PNG 301
Introduction to Petroleum and Natural Gas Engineering

1.4: Improved Oil Recovery and Enhanced Oil Recovery Methods


Improved Oil Recovery (IOR) and Enhanced Oil Recovery (EOR) Methods are methods used to target the resources not capable of being produced with conventional production methods. IOR is defined as any recovery method used to improve oil recovery above the use of non-stimulated, naturally-flowing vertical production wells (Please note that with this definition, each reservoir will have a different baseline because each reservoir will respond differently to the application of these wells). This baseline represents the simplest production technology available to the petroleum and natural gas engineer and was a common development option up to the 1960s – 1970s and often resulted in recovery efficiencies of less than ten percent.

This definition of IOR encompasses a wide variety of production technologies including additional vertical wells (infill drilling) or complex well designs (deviated, or slanted, wells; horizontal, or single-lateral, wells; multi-lateral wells), well stimulation (hydraulic fracturing and acidizing), artificial lift (beam pumps, ESPs, and gas lift), secondary recovery methods (waterflooding and gas flooding), and EOR (thermal recovery, miscible displacement, and chemical flooding).

This definition of IOR allows for the use of additional vertical wells for greater well coverage (infill drilling) than considered in the initial development plan or the use of more complex well designs to improve well performance from a single surface location. Figure 1.08 shows some of the more advanced well designs used in the current Reservoir Management. As discussed earlier, the design and execution of these complex wells is the task of the drilling engineer.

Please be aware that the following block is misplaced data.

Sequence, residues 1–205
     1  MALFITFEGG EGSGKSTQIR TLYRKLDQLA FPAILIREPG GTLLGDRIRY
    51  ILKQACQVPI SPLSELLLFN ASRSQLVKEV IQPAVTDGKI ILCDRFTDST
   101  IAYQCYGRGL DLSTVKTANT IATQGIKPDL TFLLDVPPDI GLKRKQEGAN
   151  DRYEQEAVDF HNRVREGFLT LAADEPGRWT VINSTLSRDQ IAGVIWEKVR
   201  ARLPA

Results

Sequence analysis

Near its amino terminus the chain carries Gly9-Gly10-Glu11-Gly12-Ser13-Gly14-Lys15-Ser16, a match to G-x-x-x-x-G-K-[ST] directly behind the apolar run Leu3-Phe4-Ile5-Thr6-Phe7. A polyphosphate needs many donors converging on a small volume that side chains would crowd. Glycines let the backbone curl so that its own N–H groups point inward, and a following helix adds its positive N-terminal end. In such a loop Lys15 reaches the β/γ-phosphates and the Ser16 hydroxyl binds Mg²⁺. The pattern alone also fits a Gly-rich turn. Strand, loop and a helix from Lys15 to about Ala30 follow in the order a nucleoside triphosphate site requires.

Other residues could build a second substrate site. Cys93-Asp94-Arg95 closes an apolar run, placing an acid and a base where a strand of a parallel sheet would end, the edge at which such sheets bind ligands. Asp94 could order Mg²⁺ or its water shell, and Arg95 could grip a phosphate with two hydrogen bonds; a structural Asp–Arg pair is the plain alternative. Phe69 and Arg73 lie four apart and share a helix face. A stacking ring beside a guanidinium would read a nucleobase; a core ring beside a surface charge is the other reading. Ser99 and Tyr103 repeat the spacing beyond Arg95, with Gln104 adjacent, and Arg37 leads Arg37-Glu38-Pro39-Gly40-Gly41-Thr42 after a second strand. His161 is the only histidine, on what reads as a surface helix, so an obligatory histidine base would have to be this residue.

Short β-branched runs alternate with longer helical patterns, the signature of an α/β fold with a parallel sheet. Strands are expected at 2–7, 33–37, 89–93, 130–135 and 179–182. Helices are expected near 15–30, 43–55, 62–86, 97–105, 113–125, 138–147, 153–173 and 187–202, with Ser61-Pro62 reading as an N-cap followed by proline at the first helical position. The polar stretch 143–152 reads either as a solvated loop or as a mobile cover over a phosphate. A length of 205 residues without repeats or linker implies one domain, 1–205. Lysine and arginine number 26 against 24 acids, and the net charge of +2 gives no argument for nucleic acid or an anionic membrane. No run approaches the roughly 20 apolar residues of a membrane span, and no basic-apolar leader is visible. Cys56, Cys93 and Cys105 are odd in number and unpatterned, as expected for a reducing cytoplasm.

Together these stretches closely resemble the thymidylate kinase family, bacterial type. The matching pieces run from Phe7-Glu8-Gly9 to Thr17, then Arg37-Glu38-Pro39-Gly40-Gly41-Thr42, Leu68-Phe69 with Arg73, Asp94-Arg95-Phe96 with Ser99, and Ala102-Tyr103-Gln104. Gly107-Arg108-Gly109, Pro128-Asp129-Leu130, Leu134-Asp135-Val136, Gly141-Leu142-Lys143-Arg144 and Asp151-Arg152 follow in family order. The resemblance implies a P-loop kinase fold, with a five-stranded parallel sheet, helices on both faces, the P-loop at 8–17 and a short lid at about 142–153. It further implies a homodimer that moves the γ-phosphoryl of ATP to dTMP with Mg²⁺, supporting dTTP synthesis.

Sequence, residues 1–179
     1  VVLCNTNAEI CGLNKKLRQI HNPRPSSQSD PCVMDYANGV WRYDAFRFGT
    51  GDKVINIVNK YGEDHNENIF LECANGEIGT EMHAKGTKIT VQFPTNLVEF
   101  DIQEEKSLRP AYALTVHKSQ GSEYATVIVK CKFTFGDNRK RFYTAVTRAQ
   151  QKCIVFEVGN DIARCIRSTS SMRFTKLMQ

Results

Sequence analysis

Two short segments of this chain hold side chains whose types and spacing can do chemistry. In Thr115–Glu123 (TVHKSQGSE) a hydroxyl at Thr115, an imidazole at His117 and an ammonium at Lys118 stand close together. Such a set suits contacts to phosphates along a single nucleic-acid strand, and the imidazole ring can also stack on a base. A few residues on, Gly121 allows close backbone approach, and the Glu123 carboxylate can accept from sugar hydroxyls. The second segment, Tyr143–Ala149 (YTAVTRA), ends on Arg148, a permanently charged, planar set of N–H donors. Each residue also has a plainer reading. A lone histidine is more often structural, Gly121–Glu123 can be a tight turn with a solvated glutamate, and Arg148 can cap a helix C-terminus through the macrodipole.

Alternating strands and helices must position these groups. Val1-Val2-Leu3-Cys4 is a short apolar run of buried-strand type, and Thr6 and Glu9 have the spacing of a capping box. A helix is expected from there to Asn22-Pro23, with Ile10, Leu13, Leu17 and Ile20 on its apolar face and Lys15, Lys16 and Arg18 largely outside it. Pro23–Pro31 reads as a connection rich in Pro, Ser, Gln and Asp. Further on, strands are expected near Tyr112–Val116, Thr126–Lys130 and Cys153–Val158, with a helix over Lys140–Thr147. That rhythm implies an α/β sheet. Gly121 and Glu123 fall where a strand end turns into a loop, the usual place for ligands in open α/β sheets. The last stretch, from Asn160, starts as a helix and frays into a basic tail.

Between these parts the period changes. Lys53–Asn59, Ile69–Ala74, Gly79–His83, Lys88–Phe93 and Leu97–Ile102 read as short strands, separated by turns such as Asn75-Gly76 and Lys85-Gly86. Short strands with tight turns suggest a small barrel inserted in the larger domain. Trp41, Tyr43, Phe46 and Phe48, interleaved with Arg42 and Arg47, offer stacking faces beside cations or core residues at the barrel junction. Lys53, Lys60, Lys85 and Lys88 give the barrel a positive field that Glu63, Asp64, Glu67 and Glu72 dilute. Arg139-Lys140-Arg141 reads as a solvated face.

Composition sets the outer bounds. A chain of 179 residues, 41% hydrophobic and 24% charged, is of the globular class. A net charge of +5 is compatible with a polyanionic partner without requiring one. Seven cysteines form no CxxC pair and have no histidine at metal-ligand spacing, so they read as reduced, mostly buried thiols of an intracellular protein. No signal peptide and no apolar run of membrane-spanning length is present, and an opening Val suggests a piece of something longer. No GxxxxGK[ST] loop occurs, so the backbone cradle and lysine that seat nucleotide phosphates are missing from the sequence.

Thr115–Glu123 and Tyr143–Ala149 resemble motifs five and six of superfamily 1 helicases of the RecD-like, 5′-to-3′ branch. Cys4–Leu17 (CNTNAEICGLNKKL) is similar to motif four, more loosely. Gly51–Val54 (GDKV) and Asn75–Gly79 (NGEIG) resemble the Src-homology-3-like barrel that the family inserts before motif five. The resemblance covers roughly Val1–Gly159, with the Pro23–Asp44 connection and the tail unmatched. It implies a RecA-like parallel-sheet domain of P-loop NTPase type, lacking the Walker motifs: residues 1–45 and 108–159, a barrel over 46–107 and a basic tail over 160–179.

diagrams of various drilling techniques
Figure 1.08: Advanced Multi-Lateral Well Designs Employed in the Oil and Gas Industry

Well Stimulation

Well stimulation is an IOR technology that is used to clean well perforations and improve the flow capacity of the reservoir rock in the near-well vicinity. The two most common well stimulation methods are hydraulic fracturing and acidizing. Hydraulic fracturing, or frac’ing, refers to the high-pressure injection of a fracturing fluid, typically water (slickwater), gas, or gel, into a reservoir causing the rock to mechanically fail or fracture. Injection of the fracturing fluid is normally followed by the injection of a proppant slurry, composed of natural sand or man-made ceramic beads, used to prop-open the induced fractures once pressure is relieved after the well stimulation treatment. Hydraulic fracturing can be applied to most rock lithologies, including sandstones, carbonates (limestones and dolomites), coals, and shales.


Acidizing is a well technology that uses the injection of an acid solution into a porous reservoir to dissolve any residual drilling fluids or natural sediments in the well perforations and the near-well vicinity. These residual drilling fluids may impair fluid flow to the well. Several variations of the acidizing process are used to stimulate a well including: matrix acidizing where the acid solution is pumped into the reservoir below the fracture pressure (or parting pressure) to clean pores near the well and acid-fracturing where an acidic fracturing fluid is injected above the fracture pressure in order to simultaneously fracture the reservoir and dissolve the formation (creating flow channels linking the rock to the fracture). Matrix acidizing is typically used in sandstone and carbonate reservoirs; while acid-fracturing is used in carbonate reservoirs which are susceptible to breakdown by acid.

Artificial Lift

Artificial lift was discussed briefly and is defined as an IOR technology used to ”lift” reservoir fluids once they enter the well. Early in the life of a well, the natural pressure in the reservoir is great enough to overcome gravity and to push fluids to the well and up the well to the surface. This is referred to as natural flow or natural lift.